DUBAI // Of the 2.8 million tonnes of food imported to Dubai last year, 500,000 tonnes were rejected for not meeting food-safety requirements.
By the end of this year, according to Dubai Municipality, food import is expected to reach four million tonnes - most of which will be subject to new food industry regulations.
Person in Charge (PIC) - a project three years in the making - requires that by December 2011, every food establishment would have appointed at least one certified PIC. This individual will act as liaison between the premises, municipality and Dubai Government. "The PIC can be the owner of the business, or a designated person such as a shift leader, chef, kitchen manager or similar individual, always present and involved in the worksite and having direct authority, control or supervision over employees who engage in storage, preparation, display or service of food," said Khalid Mohamed Sharif, the director of the Food Control Department at Dubai Municipality.
Things have changed, he said: "No more excuses for violating rules and harming consumers, or causing a dent in the economy." Candidates must register at the Food Control Department, undergo a three-day training course and an exam from next December. Bashir Hassan Yousif, a food safety expert at the municipality, said the PIC would be accredited by the municipality, and licences would be renewed after five years. Training fees start at Dh200.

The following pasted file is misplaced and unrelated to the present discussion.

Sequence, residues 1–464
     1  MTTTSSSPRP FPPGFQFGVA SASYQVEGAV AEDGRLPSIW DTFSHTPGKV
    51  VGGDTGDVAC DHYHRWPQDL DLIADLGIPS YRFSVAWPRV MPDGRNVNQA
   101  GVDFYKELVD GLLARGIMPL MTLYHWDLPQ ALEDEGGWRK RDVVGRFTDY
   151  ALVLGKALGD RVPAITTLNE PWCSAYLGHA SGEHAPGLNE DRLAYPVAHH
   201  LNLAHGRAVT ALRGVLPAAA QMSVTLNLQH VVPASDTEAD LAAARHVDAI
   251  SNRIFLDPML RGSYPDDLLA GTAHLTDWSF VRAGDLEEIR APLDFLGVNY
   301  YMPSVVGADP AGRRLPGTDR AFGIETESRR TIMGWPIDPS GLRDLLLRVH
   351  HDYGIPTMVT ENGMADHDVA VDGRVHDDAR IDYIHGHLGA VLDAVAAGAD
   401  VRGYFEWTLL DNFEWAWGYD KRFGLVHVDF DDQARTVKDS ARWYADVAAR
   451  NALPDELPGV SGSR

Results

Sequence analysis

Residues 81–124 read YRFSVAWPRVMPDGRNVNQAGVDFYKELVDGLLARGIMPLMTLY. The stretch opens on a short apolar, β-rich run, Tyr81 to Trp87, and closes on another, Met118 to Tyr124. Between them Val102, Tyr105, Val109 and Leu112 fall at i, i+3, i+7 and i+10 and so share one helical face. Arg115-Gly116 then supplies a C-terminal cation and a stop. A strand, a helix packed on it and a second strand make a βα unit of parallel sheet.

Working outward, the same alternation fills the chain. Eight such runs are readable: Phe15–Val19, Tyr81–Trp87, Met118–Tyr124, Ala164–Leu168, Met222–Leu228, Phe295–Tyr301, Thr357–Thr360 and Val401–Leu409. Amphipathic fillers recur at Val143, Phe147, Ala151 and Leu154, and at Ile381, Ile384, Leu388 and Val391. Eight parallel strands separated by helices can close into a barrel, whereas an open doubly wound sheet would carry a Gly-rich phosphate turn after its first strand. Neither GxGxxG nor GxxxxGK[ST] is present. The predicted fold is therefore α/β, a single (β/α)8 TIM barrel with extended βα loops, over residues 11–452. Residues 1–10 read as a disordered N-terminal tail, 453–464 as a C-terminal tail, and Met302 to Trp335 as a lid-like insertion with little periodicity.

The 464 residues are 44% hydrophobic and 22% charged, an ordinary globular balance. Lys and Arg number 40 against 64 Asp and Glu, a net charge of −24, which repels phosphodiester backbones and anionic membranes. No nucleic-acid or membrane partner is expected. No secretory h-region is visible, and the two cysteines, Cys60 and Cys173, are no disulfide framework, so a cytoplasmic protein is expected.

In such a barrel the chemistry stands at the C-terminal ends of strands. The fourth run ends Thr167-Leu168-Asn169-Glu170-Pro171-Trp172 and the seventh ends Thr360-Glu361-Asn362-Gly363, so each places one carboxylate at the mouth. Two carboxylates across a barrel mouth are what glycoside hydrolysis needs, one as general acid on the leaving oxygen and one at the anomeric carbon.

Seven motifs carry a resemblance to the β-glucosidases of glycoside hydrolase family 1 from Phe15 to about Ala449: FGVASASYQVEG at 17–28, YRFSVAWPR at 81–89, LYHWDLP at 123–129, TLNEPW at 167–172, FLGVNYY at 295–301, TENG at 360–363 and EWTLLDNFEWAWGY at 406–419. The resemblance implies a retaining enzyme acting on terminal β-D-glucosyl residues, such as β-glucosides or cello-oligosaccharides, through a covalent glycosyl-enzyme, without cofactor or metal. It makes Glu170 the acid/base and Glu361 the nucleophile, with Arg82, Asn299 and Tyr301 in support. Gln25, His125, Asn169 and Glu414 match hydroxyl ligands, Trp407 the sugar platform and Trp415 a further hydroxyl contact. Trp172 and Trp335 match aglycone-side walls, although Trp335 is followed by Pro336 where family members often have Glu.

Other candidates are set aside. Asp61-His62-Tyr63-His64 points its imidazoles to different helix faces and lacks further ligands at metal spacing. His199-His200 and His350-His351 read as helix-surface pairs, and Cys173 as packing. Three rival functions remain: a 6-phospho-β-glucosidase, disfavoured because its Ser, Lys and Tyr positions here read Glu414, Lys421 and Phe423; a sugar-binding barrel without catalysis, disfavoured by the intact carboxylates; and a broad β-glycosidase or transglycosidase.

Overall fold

"Since 2005, we carried out 65,000 food handler inspections and we are not happy," Mr Yousif said. "The food wasted last year creates an environmental and economic burden." Marwan Ibrahim, the area hygiene manager for Armani Hotel in Burj Khalifa and also in charge of The Address and Palace hotels, said such training programmes and follow-ups are a crucial part of the job and should not be seen as extra work.
Bobby Krishna, senior food studies and surveys officer at Dubai Municipality, created a handbook for the programme and said they are in talks with North Carolina State University for a graduate student to evaluate the programme. "If we find this useful, it could be used around the world," he said. "No one has done this where inspections, training and industry are integrated." Last year, two siblings, Chelsea and Nathan D'Souza, ages 7 and 5 respectively, died of suspected food poisoning after eating takeaways from an Al Qusais restaurant in Dubai.
Prosecutors accused the chef, supervisor and restaurant of storing food unhygienically, causing the cultivation of bacteria. "How can you calculate the loss of a baby or a person who is sick?" Mr Krishna said. "These training programmes will answer to many questions." Meanwhile, in Abu Dhabi, all restaurant and kitchen staff will have to be trained and certified in food safety by the end of 2012, according to a programme introduced by the emirate's food regulator.
The training will be a condition for restaurant licences, which will not be issued or renewed unless all staff have taken at least six hours of hygiene training and passed a multiple-choice exam, according to the Abu Dhabi Food Control Authority. Restaurant licences must be renewed every year. Those who do not pass on their first attempt will be allowed to re-sit. Staff who fail a second time will be sent on a more rigorous food- safety course.
Once they pass, workers will be issued with a certificate valid for three years. In Abu Dhabi, 18 food outlets were closed down and more than 8,000 tonnes of food destroyed during inspections in the lead-up to Ramadan.